It was a taste of 1840 A.E Dor at a hotel in Monaco that turned David Baker on to the magic of Cognac. Well, you might as well start with the best. It was the beginning of a great love affair. In 1987 he set up his own business, Hermitage Cognacs, to showcase the finest, rarest and oldest brandies that the region has to offer.

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Chase Distillery: Turning potatoes into liquid gold since 2008

On Chase Distillery’s 10th anniversary, we paid a visit and discovered how to make the ‘World’s Best Tasting Vodka’ (and excellent gin) from the humble spud.

Chase Distillery is located on Rosemaund Farm in Herefordshire. This part of England is a food and drink-lover’s paradise: there are cider apple orchards, Hereford beef cattle, and potato fields as far as the eye can see. The Chase family have been farming here for generations. In the early 2000s they weren’t getting a good price from the supermarkets, so William Chase cunningly decided to fry his potatoes before selling them. The result was Tyrells crisps. Then, according to William’s son James, “we started the distillery because we had a huge surplus of potatoes too small to make the crisps”. It was such a success that the family sold the crisp brand in 2008 to concentrate on making vodka.
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Dandelyan releases its last cocktail menu… ever!

Since it opened in 2015, Dandelyan at the Mondrian Hotel has become a London institution, winning awards and fans for its experimental but always delicious cocktails. Sadly it closes at the end of the year. We take a peek at the final menu which is available now.

And now the end is near and we have reached the final curtain, or something like that. Yes, it’s the very last cocktail menu at Dandelyan at the Mondrian London: a bar that has won more awards than Mariah Carey has wardrobe changes (which is a lot) including World’s Best Cocktail Bar at the Spirited Awards 2017.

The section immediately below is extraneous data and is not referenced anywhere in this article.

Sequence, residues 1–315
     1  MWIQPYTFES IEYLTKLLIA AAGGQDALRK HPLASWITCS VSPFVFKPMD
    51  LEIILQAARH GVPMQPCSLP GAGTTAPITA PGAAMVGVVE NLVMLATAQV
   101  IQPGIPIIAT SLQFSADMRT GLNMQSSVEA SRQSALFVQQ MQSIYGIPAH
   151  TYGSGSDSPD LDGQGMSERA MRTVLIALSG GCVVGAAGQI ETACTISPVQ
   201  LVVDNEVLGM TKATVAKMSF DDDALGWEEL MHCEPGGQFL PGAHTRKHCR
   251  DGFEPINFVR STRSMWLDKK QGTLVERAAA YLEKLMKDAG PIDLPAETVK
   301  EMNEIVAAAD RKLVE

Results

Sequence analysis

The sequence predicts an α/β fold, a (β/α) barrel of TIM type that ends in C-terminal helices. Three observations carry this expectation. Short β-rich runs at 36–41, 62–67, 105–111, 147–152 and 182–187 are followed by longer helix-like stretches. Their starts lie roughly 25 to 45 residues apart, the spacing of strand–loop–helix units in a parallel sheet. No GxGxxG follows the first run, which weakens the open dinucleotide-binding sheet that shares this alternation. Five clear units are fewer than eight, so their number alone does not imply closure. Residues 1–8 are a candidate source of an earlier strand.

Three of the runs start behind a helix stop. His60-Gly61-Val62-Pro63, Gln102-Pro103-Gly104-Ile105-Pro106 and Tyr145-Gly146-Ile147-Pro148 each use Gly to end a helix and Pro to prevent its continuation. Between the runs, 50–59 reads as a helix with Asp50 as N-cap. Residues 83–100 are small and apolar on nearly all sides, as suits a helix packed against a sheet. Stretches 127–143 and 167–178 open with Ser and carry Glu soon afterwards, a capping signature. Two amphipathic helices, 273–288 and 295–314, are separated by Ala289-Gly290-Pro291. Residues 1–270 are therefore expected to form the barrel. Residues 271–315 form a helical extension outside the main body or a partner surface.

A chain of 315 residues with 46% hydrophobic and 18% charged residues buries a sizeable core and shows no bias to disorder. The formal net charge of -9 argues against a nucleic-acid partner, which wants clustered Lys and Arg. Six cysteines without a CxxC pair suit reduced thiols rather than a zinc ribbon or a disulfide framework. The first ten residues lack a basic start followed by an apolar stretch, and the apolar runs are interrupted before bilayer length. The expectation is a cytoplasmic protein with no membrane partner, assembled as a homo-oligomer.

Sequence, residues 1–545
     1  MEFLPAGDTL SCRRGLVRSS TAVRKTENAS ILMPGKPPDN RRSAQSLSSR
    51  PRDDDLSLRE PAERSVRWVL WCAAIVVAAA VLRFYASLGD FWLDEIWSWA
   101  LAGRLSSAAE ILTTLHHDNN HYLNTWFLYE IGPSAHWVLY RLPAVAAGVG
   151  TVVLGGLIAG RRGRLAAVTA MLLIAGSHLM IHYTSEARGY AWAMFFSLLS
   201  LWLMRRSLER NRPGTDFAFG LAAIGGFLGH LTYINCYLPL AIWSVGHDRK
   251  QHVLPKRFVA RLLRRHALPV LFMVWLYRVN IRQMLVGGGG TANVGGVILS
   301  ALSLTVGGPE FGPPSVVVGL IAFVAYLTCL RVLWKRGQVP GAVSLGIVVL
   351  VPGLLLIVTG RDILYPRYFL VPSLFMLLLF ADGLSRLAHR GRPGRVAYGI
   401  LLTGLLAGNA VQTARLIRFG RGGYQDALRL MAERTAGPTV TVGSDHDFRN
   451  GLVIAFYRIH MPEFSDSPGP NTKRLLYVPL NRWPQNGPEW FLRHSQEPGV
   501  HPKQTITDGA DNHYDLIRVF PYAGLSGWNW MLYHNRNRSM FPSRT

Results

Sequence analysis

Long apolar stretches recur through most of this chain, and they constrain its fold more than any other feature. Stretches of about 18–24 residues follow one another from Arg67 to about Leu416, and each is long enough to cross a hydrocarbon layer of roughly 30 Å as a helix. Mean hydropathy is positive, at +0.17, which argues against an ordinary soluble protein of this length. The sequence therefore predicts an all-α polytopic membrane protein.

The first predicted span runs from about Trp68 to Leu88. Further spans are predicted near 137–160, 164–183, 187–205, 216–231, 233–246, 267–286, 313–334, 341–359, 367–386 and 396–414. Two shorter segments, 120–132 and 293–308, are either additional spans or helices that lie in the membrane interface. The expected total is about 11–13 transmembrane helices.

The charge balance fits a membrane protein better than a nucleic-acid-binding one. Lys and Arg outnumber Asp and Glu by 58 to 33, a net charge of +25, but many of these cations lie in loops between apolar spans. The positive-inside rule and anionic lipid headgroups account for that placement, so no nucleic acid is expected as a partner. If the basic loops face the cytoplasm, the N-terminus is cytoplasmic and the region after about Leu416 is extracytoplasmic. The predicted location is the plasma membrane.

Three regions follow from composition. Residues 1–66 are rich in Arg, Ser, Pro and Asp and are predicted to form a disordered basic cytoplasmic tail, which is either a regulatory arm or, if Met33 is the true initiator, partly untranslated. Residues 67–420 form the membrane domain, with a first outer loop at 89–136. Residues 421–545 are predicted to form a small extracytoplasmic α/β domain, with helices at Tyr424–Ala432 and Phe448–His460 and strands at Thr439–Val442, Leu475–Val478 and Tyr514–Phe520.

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Copper stills ‘reawakened’ at Brora

The legendary Brora Distillery moves a step closer to reopening as the original copper pot stills have just been removed for refurbishment.

Whisky lovers know that the shape of the still is a crucial factor in creating the unique flavour of their favourite drams so it is a relief that the old Brora stills have been pronounced in sound condition. The pair were removed from the closed distillery and have been taken 200 miles to Diageo Abercrombie coppersmiths in Alloa where they were checked over using ultrasound. The careful restoration process can now begin.

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Red Spot Whiskey relaunch – the top spot in Dublin

To celebrate the rebirth of Red Spot whiskey, we descended into Mitchell & Son’s cellars deep beneath the streets of Dublin for a trip back into Irish distilling history (and we got to try the whiskey, obviously.)

Jonathan Mitchell from the family-owned wine merchant described the relaunch as “the biggest day of all, we’ve had orders for Red Spot for two years.” We were at the historic Shelbourne Hotel and from there we walked to Mitchell & Son’s old cellars beneath Fitzwilliam Lane to try the long-awaited whiskey. The family has been in business since 1805 but their whiskey story starts in 1887 when they began sending empty casks of port, sherry, Malaga and Marsala to the John Jameson and Sons distillery at nearby Bow Street to be filled with spirit. This would have been made from a mixture of malted and unmalted barley, triple-distilled in a giant pot still.